The song is slightly odd, though, because it seems to be a response to the constant nagging about carbon footprints that we all ought to be subjected to, but in practice, most of us are not. Shannon, being a member of a very political, activist folk group, is probably constantly surrounded by fellow eco-warriors (and warriors against all sorts of injustice too – don’t pigeonhole them) who are probably aghast at her global wanderings. But why aren’t we all constantly nagged about such things? Why don’t we hear more about “climate crime”? Some of the people I mix with in academic circles think nothing of jetting off for a one or two day conference; I once worked with a physicist who was actually commuting weekly from Germany to the UK by air. These are the guys who need to be nagged; though of course they are not a large group of people on a global scale (thank goodness!) – it is maybe the businessmen (and the odd businesswoman) we need to get through to. But then again, we also need to get through to people who go for short breaks by air … and this leads us back to Shannnon and her holidays.

But of course there is something that can be done without cutting people like her off completely from her family and her holidays: flights could be rationed; people could be given a personal carbon limit. Of course, from the data Shannon quotes, she would exceed such a limit with one flight; but perhaps the mitigating actions she takes could be offset against the limit, or her flight to Australia could be saved up for from several years’ carbon credits (not that her grandma, or the planet, can necessarily wait that long though). The truth, sadly, is probably that there are many, many people out there who are much further over the limit than Shannon would be if she went to Australia once a year; surely it is those people who should cut down first.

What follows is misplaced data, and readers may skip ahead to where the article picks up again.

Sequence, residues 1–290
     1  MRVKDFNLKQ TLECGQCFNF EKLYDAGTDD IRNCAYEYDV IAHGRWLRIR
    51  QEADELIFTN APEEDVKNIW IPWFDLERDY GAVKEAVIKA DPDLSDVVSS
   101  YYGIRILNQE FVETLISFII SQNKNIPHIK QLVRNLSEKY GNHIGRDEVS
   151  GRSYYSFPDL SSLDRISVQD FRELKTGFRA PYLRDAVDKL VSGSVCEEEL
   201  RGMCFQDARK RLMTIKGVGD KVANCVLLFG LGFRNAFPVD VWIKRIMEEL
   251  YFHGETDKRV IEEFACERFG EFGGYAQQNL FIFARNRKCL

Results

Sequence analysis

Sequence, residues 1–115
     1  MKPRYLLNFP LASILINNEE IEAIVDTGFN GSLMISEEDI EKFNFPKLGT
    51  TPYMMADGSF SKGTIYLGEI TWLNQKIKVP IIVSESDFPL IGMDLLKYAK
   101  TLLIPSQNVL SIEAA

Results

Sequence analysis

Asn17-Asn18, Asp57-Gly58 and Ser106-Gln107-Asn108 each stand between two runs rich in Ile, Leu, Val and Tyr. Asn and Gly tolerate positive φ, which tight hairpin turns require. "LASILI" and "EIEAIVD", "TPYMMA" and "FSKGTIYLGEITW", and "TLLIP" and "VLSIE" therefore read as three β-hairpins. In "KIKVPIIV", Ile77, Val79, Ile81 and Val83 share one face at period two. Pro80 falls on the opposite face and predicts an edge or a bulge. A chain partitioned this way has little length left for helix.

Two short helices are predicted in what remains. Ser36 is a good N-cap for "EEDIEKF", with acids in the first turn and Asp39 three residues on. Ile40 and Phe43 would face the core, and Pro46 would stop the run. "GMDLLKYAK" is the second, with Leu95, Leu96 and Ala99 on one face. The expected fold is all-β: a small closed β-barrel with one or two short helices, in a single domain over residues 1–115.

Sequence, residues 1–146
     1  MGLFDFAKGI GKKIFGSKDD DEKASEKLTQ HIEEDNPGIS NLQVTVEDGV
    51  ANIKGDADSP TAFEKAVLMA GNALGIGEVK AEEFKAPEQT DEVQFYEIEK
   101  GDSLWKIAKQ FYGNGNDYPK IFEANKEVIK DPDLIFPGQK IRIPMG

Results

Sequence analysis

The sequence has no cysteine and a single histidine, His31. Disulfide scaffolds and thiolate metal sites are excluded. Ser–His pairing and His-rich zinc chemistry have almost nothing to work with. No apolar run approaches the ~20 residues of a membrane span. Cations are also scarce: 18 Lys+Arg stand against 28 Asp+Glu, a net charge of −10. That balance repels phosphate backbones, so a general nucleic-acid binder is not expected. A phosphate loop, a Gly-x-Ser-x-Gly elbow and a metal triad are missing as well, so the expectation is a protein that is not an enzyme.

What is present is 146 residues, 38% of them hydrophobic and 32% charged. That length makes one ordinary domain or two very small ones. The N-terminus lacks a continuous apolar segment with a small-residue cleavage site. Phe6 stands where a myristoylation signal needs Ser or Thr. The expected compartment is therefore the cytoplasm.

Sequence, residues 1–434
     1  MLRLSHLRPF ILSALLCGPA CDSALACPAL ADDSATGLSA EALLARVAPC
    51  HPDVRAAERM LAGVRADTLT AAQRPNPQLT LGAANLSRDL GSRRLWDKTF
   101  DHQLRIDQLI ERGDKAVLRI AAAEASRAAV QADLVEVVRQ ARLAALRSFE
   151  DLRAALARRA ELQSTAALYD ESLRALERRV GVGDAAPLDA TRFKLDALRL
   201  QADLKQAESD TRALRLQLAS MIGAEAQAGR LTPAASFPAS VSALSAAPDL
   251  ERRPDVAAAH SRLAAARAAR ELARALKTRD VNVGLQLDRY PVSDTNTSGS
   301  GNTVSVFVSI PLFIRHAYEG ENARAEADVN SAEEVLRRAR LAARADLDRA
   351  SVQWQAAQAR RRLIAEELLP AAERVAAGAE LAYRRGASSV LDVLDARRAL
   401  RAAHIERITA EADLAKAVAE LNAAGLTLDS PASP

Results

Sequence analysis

In an interview from which excerpts were used in the film The Age of Stupid, George Monbiot says: “It’s staggering to see how passive we’ve been about it, how little we’ve done to try and stop it. Where’s the direct action? Where are the vast protests? We’re fast asleep, we’re sleepwalking into this catastrophe”. But there are a few signs of an awakening. There are some good organisations lobbying for change, such as the Aviation Environment Federation and Airport Watch. And a few months back a group of particle physicists I used to work with circulated an email in which they excitedly proclaimed that it was now possible to get from London to CERN by train with only one change, and clearly some of them were thinking of switching from air travel to the train. I couldn’t help pointing out to them that this has probably been possible for at least 10 years, and probably ever since the Eurostar started running, with possibly one additional change. But hey, it’s a start, isn’t it?